HSBC Holdings Plc (HSBA) said it continues to review humanitarian payments involving countries facing sanctions as a press report said Europe’s largest bank stopped processing some Iranian transactions.
“Our policy only requires the freezing of such payments where required under applicable laws and regulations,” the London-based bank said in a statement. “HSBC continues to consider humanitarian payments involving sanctioned countries on a case-by-case basis, including to ensure that they are legitimate, in accordance with applicable regulatory requirements and otherwise consistent with HSBC policy.”
Reuters, citing bankers and traders it didn’t identify, reported today that HSBC froze payments allowed under sanction laws for reasons such as food imports, and that Iran is trying to get the bank to resume them. U.S. authorities have stepped up pressure on banks since HSBC settled probes involving Iran in 2012, and is seeking to fine France’s BNP Paribas (BNP) SA on similar grounds.
“They’re thinking ‘it isn’t really worth us taking the risk,’” Owen Watkins, a lawyer at Lewis Silkin LLP in London, said in an interview. “You can never really be 100 percent sure that the money isn’t somehow going to be diverted for a sanctions-breaching purpose.”
HSBC didn’t specify that any transactions involved Iran, and declined to comment beyond the statement.
HSBC was little changed at 606.2 pence as of 12:40 p.m. in London trading. The stock has fallen 8.5 percent this year.
Reuters reported that the Iranian central bank said it didn’t have “interactions” involving humanitarian trade with HSBC. An official at the central bank wouldn’t immediately comment to Bloomberg News. The report cited separate Iranian government officials as saying that they were in talks to get HSBC to resume processing payments.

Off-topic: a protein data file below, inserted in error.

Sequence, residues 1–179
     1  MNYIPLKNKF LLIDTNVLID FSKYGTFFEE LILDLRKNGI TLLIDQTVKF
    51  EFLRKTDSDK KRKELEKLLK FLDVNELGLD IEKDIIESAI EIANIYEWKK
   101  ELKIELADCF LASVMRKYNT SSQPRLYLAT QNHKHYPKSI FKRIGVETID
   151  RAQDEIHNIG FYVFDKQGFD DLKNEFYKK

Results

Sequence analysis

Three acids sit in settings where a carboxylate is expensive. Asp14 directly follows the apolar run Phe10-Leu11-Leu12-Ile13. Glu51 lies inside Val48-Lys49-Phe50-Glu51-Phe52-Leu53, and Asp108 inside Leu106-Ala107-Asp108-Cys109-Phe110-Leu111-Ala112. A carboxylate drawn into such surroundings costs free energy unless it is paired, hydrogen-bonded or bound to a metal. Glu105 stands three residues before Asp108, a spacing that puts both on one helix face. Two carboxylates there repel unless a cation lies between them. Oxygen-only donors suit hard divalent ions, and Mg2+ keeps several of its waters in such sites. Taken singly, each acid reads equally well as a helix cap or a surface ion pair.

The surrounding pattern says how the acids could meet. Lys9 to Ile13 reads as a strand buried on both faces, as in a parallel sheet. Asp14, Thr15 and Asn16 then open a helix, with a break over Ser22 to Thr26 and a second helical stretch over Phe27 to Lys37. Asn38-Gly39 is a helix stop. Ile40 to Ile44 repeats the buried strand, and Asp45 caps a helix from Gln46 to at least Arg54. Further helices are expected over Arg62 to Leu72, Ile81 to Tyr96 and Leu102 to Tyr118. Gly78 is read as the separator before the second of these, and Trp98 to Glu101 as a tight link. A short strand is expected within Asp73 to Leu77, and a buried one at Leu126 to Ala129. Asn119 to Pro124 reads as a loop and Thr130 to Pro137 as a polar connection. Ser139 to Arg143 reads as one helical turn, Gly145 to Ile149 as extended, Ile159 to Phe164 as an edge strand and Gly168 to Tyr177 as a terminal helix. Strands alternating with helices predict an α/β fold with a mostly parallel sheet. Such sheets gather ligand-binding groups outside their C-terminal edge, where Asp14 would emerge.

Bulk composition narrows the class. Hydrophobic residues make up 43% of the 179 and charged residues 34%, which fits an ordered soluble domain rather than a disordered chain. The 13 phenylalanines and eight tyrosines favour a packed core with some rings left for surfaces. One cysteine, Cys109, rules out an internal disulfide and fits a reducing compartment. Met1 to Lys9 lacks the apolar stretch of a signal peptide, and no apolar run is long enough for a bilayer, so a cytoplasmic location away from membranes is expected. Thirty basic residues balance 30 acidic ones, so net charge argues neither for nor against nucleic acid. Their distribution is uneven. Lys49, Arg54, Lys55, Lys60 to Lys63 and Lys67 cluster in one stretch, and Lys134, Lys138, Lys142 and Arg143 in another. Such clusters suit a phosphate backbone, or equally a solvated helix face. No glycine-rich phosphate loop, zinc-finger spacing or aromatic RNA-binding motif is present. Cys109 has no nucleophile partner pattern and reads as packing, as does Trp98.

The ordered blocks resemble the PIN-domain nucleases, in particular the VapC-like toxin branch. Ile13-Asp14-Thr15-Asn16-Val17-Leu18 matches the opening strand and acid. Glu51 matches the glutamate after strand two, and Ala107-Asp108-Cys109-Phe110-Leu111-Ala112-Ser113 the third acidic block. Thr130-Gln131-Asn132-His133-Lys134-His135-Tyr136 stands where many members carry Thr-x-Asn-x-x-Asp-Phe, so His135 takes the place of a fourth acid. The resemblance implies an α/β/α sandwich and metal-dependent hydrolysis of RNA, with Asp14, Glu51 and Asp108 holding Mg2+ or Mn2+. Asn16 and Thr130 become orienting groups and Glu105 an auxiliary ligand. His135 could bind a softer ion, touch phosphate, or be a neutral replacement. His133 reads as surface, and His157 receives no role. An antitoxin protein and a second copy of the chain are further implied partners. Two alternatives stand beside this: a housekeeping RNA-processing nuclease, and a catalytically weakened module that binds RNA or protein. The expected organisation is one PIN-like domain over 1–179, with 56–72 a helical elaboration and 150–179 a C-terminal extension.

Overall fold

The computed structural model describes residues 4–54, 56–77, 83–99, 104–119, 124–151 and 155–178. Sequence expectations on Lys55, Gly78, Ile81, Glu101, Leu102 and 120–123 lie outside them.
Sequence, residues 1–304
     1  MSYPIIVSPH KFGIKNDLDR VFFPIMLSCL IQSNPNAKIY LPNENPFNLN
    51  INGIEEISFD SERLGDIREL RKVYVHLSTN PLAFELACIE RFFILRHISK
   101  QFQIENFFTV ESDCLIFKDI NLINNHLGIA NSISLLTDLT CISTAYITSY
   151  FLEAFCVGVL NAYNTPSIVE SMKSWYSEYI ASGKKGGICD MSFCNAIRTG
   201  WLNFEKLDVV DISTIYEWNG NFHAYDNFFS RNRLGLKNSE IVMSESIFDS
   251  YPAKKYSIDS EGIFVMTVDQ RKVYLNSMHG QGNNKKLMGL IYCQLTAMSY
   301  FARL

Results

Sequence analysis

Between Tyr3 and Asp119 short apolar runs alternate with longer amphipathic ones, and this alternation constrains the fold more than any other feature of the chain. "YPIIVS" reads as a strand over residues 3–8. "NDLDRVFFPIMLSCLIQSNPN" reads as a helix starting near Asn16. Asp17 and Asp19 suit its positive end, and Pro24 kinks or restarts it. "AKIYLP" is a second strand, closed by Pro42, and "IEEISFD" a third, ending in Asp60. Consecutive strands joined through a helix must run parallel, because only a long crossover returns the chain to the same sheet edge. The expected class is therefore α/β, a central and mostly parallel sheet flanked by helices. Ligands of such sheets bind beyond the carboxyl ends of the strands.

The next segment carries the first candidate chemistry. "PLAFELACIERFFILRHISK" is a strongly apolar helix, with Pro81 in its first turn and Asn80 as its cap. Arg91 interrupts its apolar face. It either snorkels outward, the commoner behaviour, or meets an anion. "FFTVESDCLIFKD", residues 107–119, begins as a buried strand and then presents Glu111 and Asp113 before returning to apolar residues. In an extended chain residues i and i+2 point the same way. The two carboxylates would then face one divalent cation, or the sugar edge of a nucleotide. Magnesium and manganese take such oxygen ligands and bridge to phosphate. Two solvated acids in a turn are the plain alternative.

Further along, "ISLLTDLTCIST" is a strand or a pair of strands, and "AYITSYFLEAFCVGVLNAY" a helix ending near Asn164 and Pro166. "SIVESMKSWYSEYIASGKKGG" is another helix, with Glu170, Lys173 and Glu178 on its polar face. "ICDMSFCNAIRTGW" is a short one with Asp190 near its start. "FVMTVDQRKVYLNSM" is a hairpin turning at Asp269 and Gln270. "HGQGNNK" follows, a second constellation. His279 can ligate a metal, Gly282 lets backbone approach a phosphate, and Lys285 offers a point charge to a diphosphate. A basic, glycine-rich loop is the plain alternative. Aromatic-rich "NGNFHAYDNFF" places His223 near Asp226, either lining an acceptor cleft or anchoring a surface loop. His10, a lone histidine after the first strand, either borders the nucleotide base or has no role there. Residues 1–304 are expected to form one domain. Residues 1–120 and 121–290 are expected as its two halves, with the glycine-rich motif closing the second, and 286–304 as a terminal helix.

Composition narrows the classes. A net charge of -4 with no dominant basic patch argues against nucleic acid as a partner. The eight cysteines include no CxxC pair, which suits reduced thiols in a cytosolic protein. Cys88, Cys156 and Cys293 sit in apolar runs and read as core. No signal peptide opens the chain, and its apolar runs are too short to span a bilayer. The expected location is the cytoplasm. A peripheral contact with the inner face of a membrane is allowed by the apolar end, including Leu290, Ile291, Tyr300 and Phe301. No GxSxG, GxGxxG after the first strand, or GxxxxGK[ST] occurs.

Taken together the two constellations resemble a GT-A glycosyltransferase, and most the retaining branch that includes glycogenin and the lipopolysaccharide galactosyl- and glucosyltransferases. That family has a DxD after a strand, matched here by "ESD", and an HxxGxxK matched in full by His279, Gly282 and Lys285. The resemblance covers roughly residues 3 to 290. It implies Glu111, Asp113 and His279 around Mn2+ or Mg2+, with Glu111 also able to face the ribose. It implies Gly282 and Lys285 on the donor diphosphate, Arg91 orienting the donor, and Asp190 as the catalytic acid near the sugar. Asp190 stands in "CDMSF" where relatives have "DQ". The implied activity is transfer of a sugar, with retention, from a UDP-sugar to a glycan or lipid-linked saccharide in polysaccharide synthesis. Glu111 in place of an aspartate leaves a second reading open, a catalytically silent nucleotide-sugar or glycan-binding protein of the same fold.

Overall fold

HSBC’s Middle East unit last year said it would stop personal-banking services to some customers with links to Iran. That followed its 2012 agreement to pay $1.92 billion to settle U.S. probes of money laundering.
Most of the violations involved failure to monitor transactions by drug dealers in Mexico, though Senate testimony also indicated HSBC handled so-called U-turn transactions through U.S. financial institutions that involved funds from Iran to non-U.S. banks.
HSBC’s fine and settlements by other lenders made banks reconsider their business with Iranian clients, Shane Gleghorn, a partner at Taylor Wessing LLP in London, said by telephone.
“The risks attendant with doing any business with Iran, or Syria, for example, are very significant,” he said.
BNP Paribas, France’s largest bank, is close to agreeing to plead guilty and pay as much as $9 billion to settle allegations it violated U.S. sanctions against countries including Iran and Sudan, according to a person familiar with the negotiations. Standard Chartered Plc agreed to pay $327 million of fines after regulators alleged it violated U.S. sanctions with Iran in 2012.
To contact the reporter on this story: Richard Partington in London at email@example.com
To contact the editors responsible for this story: Edward Evans at firstname.lastname@example.org Keith Campbell, Cindy Roberts